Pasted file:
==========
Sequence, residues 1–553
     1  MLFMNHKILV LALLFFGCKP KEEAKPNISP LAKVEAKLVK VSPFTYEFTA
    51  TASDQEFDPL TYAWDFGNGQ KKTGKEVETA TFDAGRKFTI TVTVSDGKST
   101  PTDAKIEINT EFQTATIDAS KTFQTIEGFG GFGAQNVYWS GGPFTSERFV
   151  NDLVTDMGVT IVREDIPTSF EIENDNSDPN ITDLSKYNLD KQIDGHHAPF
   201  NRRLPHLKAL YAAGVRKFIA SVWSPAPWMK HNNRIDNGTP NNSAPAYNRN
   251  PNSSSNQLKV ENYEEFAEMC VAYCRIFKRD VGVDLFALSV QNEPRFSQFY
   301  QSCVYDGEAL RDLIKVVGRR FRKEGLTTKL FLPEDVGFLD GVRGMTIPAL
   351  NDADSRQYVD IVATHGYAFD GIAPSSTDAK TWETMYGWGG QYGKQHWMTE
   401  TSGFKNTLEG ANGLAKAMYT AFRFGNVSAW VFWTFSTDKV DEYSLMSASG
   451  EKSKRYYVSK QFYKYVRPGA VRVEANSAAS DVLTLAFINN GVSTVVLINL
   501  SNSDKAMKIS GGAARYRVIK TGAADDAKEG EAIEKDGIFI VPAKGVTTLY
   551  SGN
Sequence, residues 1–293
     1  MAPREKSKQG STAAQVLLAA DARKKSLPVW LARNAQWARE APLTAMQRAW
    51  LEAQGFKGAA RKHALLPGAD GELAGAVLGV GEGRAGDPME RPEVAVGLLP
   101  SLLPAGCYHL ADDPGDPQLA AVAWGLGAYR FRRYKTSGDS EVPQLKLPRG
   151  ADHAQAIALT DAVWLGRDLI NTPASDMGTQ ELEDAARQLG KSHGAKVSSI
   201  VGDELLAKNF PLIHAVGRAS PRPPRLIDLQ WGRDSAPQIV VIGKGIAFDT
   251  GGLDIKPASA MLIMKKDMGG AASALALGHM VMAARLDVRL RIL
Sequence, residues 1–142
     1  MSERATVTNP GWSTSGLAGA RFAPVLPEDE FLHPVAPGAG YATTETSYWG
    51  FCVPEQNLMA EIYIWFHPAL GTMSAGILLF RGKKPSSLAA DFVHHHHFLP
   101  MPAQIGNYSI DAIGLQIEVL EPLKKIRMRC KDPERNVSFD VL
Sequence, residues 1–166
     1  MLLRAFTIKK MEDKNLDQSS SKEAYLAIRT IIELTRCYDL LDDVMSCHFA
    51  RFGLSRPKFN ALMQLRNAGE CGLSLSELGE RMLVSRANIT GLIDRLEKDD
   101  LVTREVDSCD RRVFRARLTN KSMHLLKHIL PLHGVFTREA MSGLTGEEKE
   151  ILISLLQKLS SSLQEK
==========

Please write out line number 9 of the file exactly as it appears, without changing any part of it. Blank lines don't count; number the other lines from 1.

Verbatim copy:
   351  NDADSRQYVD IVATHGYAFD GIAPSSTDAK TWETMYGWGG QYGKQHWMTE